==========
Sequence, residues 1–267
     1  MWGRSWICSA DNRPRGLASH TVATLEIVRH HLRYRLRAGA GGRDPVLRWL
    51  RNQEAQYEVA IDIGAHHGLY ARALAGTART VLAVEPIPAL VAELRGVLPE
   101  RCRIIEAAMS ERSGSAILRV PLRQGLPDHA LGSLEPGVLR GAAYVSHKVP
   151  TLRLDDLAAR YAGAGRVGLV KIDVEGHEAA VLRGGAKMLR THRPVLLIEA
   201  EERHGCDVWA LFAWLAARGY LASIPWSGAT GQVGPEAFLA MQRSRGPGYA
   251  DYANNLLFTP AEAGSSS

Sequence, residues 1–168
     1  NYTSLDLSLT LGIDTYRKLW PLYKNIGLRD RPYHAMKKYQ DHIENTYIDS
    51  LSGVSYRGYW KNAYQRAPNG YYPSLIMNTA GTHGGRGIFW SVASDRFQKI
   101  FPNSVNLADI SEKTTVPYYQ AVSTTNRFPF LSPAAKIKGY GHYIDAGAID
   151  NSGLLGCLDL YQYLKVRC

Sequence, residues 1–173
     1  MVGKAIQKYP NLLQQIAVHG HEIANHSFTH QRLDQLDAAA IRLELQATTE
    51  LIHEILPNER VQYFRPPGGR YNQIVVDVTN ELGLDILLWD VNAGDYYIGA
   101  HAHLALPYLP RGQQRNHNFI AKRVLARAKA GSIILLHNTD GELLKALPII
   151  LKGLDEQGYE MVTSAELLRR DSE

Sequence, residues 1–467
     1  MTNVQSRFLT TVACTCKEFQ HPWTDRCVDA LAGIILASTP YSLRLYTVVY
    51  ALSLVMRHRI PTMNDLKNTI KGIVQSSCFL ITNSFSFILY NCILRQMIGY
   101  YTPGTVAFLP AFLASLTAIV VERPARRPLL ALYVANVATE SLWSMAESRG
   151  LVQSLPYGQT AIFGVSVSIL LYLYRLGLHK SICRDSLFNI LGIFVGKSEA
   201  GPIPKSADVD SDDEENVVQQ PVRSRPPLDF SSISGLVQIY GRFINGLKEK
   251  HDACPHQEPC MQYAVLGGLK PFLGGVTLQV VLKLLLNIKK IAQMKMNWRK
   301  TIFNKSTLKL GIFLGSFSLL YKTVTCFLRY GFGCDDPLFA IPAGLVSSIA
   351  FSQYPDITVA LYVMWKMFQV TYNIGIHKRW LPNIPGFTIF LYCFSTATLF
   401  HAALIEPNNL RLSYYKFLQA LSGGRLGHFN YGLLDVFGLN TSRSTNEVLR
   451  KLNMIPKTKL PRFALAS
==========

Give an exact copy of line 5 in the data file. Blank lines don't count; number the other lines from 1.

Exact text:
   151  TLRLDDLAAR YAGAGRVGLV KIDVEGHEAA VLRGGAKMLR THRPVLLIEA